According to the present invention, breeding of U.sup.233 for use in a light-water thermal reactor capable of self-sustained breeding is accomplished in a reactor fueled with U.sup.235 with U.sup.238 diluent and Pu.sup.239 fuel, if available, plus Th.sup.232 diluent. The fertile material Th.sup.232 is physically separated from the U.sup.235 and is preferably mixed with Pu.sup.239 to improve Th.sup.232 conversion to U.sup.233. A preferred design includes longitudinally movable seed regions containing the U.sup.235 and U.sup.238 which are surrounded by Pu.sup.239 -Th.sup. 232 blanket regions. The seed material is capped with natural UO.sub.2 and the blanket fuel with Th.sup.232 O.sub.2 to reduce neutron leakage.

BRIEF DESCRIPTION OF THE DRAWINGS

FIG. 1 is a vertical section of a nuclear reactor incorporating the present invention,

FIG. 2 is a horizontal section thereof taken through the reactor core,

FIG. 3 is an enlarged horizontal section taken through a single fuel module,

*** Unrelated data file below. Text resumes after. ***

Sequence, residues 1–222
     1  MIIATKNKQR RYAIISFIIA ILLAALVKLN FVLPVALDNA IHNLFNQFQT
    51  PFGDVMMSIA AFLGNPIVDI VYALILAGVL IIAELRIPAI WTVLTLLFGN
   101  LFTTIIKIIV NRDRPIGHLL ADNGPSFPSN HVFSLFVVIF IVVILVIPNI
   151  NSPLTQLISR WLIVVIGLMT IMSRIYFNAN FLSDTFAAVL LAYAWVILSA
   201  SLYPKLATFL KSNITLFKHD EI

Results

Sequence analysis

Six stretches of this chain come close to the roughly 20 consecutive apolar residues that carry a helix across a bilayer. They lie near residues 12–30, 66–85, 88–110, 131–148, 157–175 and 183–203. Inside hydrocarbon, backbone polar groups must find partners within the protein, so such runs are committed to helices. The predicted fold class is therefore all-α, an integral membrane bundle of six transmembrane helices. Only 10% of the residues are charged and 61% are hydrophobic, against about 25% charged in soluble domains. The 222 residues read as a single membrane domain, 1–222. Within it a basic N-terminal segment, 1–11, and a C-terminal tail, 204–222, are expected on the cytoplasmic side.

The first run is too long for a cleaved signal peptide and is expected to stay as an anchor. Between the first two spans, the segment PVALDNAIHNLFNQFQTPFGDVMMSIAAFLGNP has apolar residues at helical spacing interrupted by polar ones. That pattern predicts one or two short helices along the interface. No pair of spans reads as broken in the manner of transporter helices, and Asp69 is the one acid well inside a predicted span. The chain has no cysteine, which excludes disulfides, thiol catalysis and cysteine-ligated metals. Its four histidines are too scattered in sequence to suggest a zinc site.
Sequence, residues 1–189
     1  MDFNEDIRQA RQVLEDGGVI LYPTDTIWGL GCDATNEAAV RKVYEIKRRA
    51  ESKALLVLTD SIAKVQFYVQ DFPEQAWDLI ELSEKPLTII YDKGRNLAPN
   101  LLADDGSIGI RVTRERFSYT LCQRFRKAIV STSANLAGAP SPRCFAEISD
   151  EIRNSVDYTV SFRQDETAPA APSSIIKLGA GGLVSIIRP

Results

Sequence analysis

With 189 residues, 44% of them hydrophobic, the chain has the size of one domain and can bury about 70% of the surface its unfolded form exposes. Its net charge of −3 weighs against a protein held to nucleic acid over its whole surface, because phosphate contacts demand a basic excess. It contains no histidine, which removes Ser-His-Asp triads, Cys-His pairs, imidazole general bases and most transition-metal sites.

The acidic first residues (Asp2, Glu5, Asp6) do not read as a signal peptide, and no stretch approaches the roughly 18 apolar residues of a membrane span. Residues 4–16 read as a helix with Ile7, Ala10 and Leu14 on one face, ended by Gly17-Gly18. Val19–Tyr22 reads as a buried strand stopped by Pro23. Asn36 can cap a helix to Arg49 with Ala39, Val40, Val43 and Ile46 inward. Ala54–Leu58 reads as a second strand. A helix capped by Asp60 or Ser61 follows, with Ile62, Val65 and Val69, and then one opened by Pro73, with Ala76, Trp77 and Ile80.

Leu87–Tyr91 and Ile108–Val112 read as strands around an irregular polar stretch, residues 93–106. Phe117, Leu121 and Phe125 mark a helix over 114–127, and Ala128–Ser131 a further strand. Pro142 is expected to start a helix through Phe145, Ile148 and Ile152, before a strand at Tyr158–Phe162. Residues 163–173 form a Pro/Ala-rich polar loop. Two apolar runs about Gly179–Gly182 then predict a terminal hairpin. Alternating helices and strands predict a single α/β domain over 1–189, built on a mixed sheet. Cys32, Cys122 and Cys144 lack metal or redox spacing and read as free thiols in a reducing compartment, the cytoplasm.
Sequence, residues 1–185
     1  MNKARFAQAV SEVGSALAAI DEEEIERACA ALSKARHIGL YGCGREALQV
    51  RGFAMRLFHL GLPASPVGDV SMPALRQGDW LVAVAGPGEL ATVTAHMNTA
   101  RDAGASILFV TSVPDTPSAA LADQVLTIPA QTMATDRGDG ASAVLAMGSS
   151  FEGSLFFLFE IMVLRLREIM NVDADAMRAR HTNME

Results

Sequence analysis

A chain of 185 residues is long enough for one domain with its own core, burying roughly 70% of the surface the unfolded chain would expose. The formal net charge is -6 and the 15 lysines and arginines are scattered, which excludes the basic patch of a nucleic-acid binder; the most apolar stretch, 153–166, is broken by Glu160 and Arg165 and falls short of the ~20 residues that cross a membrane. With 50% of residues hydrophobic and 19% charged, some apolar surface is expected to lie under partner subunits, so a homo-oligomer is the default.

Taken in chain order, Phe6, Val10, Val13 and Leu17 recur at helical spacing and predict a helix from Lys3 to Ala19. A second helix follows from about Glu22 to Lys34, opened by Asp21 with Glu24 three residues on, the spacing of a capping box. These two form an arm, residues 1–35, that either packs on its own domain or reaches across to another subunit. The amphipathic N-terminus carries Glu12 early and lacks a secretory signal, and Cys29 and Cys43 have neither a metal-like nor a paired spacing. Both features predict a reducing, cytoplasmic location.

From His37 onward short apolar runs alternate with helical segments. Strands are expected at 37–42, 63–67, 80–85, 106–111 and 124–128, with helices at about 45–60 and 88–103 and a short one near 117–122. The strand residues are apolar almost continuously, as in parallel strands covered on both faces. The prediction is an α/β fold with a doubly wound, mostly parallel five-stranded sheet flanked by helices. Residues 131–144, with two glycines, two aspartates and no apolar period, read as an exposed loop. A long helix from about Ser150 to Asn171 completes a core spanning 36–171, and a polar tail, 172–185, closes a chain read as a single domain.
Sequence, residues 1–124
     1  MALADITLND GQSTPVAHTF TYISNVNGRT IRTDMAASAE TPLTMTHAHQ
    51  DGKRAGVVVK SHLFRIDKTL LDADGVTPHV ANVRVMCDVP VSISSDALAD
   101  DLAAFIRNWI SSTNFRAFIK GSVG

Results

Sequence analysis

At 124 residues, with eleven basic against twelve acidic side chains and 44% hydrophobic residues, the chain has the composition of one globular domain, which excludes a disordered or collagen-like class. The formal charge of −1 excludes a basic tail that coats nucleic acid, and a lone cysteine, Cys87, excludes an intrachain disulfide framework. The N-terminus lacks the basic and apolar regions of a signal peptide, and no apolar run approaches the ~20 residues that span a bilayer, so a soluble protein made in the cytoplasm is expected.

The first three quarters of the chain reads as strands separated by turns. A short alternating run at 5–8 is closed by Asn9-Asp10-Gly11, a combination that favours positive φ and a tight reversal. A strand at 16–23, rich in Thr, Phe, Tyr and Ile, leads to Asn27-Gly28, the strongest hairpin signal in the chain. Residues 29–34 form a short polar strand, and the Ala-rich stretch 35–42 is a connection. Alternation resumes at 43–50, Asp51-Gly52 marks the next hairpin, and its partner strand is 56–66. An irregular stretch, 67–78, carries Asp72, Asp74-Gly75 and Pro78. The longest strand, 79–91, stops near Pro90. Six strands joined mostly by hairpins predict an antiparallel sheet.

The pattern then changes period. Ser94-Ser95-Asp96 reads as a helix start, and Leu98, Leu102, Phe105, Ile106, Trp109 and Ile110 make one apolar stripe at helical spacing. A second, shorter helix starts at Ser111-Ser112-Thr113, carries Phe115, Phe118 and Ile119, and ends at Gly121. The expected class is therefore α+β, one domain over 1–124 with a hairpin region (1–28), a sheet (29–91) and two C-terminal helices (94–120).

FIG. 4 is a schematic of a fuel rod, and

FIG. 5 is a graph showing the critical positions of the movable seed of the pre-breeder design of the present invention as well as for a typical light-water breeder reactor as a function of core lifetime.

DESCRIPTION OF THE INVENTION

The primary purpose of the pre-breeder reactor of the present invention is to produce fissile U.sup.233 for use in a breeder reactor. A reactor which accomplishes this is characterized by the following design parameters:

1. The U.sup.235 -enriched regions of the core should be designed such that the initial hydrogen-to-U.sup. 235 atomic ratio is between 10.0 and 150.0 and the initial U.sup.235 to U.sup.238 ratio is between .005 and .20.

2. The plutonium-enriched regions of the core should be designed such that the initial plutonium-to-hydrogen atomic ratio is between 0.0 and 0.015 and the equilibrium ratio is between .002 and 0.015. The initial plutonium-to-Th.sup.232 ratio should be between 0.0 and 0.03 and the equilibrium ratio between 0.005 and 0.03.

3. The binary fuel compositions shall occupy from 30 to 95% of the core volume.

4. There will initially be at least two distinct fuel compositions. One composition shall contain thorium, possibly mixed with plutonium, and at least one composition shall contain a mixture of uranium with U.sup.235 as the principal fissile isotope and U.sup.238 as the diluent.